To create a contemporary look, the die-cut lozenge made way for a straight label that immediately raised the tone of the whole design and set the scene for the changes to come. The crane image from the existing logo remained the same but the design was reworked from a solid-colour block into a gold foil portrayal that was both intricate and refined, and served to add premium quality cues.
The bird flight path was retained, however the background label colour was changed from white to a soft grey and the birds were then embossed and changed to white. With this new treatment, they were then moved into the middle of the label to give them prominence and ensure their new look was given plenty of room to fly off the label and grab consumer attention.
Finally, a subtle tweak was made to the varietal font to deliver a classic feel without straying too far from the original.
When a brand is strong and the imagery is still considered crisp and clean, only small changes need to occur to achieve a striking, contemporary update whilst still remaining true to the label that came before.
How do you tackle a rebrand when the current imagery is steeped in history and tradition? You look to the past to provide inspiration for the future. This is exactly what the John Jewell Design team did to deliver a refresh and relaunch of the Buller Wines winery and business…
What is Branding?
Branding is the art of imbuing a product with its own unique and authentic personality, making it attractive and memorable to new and loyal customers.
Who are Buller Wines?
The Buller Wines story was born in the early 1920’s when Reginald Buller purchase a vineyard in Rutherglen and named it Calliope after the famed ship that survived against all odds in the 1880’s. The vineyards, the family and the wine brand continued to evolve through the years and in 2013 the Judd family took the helm and have continued its growth and success.
The Calliope ship is an integral part of the Buller Wines story and imagery however the existing illustration was in need of a modern refresh. Given Calliope was a real vessel the first challenge was to ensure that any new imagery stayed true to the appearance of the original ship. The second challenge was in delivering new imagery that could convey the history of the brand but in a contemporary style that would work successfully across both small and large format requirements.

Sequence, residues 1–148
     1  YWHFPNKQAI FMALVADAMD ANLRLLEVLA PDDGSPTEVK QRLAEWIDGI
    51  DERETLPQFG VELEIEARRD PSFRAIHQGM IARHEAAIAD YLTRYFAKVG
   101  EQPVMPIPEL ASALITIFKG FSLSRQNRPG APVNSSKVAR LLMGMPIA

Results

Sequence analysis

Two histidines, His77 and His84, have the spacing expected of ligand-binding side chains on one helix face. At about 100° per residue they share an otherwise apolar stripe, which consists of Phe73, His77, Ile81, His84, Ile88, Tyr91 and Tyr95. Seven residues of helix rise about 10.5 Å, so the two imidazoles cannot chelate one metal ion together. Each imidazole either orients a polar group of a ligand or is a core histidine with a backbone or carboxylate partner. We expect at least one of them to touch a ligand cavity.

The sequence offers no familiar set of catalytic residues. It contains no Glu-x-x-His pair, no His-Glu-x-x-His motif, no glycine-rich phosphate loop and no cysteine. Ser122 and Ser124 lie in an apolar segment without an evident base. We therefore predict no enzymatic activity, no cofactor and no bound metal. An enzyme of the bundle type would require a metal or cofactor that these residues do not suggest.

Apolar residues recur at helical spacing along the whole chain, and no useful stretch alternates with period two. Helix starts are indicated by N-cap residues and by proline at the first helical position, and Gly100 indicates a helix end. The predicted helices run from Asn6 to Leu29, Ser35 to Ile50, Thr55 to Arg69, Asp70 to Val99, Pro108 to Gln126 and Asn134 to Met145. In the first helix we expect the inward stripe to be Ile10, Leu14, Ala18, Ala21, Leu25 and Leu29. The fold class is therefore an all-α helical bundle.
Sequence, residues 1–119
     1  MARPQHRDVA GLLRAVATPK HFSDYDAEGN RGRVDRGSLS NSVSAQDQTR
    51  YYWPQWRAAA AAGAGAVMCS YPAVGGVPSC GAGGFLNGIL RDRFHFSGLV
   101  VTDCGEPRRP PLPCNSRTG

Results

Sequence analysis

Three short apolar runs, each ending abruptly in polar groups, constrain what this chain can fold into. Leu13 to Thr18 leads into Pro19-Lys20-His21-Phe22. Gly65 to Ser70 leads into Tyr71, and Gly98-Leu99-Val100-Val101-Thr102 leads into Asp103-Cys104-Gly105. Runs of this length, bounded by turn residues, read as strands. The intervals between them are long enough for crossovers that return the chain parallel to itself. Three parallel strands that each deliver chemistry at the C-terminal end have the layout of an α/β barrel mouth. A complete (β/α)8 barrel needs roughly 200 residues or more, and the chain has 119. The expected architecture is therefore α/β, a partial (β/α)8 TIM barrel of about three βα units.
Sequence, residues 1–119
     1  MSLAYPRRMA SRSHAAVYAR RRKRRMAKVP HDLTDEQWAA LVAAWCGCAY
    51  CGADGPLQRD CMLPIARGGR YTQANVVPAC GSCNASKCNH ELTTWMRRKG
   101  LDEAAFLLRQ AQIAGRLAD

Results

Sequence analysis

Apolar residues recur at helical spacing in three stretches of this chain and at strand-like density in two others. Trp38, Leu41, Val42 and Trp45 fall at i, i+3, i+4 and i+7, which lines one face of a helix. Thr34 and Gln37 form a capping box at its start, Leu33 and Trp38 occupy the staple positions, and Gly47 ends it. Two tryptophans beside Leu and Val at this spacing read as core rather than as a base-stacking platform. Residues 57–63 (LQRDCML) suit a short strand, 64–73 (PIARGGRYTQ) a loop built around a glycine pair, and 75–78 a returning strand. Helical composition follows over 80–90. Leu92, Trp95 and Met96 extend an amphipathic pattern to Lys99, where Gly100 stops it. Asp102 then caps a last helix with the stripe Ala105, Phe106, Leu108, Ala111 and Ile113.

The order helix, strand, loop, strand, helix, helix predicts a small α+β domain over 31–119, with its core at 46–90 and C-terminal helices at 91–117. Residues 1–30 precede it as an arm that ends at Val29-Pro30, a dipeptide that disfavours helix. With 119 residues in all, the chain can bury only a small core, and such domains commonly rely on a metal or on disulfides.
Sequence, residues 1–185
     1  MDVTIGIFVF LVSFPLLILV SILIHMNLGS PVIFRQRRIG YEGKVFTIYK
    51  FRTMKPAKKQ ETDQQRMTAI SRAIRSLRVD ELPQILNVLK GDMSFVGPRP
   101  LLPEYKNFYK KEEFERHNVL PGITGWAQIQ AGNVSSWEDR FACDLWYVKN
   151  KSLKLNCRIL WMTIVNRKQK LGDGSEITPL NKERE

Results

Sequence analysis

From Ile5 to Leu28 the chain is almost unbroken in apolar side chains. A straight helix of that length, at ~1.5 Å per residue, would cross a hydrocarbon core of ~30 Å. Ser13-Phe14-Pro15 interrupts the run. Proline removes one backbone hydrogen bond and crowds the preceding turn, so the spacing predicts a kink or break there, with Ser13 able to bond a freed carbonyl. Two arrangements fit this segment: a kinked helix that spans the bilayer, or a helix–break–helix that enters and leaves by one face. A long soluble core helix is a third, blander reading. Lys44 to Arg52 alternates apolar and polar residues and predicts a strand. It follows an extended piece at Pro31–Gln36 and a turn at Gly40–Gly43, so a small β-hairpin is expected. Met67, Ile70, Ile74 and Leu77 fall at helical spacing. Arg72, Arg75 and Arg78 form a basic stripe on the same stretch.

In tackling the rebrand, the John Jewell Design team knew where they had to start. They took the time to look back through the history books and unearthed a bold image of the Calliope, showing it at full mast with a strong, commanding presence.
The image was then skilfully illustrated to best represent the authenticity and integrity of the long established Buller brand and it was then integrated into the brand’s logo and rolled out across labels, printed and electronic collateral and advertising.
Rebranding isn’t always about coming up with something new; sometimes it’s about going back to the beginning to draw inspiration for the future. This was definitely the case for the Buller Wine rebrand. To find out how John Jewell Design can help you breathe new life into your brand, contact us.
Why are labels so important to our wine-buying choices?
In a busy bottleshop, where shelves are crowded and the choice can be overwhelming, it’s not the winemaker’s resume or even the price that will sell your wine. Learnings from consumer psychology tell us that most wine sales are made purely on the strength of a label.
The reality is most consumers aren’t connoisseurs; they are customers looking to buy an experience.
What their searching eyes see on your wine label lays the foundations for that experience. Purposeful and carefully crafted visual cues subtly influence perceptions of price, quality and even taste.
To encourage a hand to reach deeper into their pocket, consumers expect to see labels that feature minimalist, uncluttered designs and an elegant, refined font. Adding texture – such as embossing – provides a tactile feature that activates increased perceptions of price and correlates with heightened anticipation and an increased drinking experience.
To sell a wine at a value-for-money price point, labels need to visually jump off the shelf through the careful construction of bright colours, bold, fun graphics and quirky or unique fonts.
At the end of the day, your label sets the tone for your customer’s experience and is often as important – if not more important – in driving the sale than the wine itself.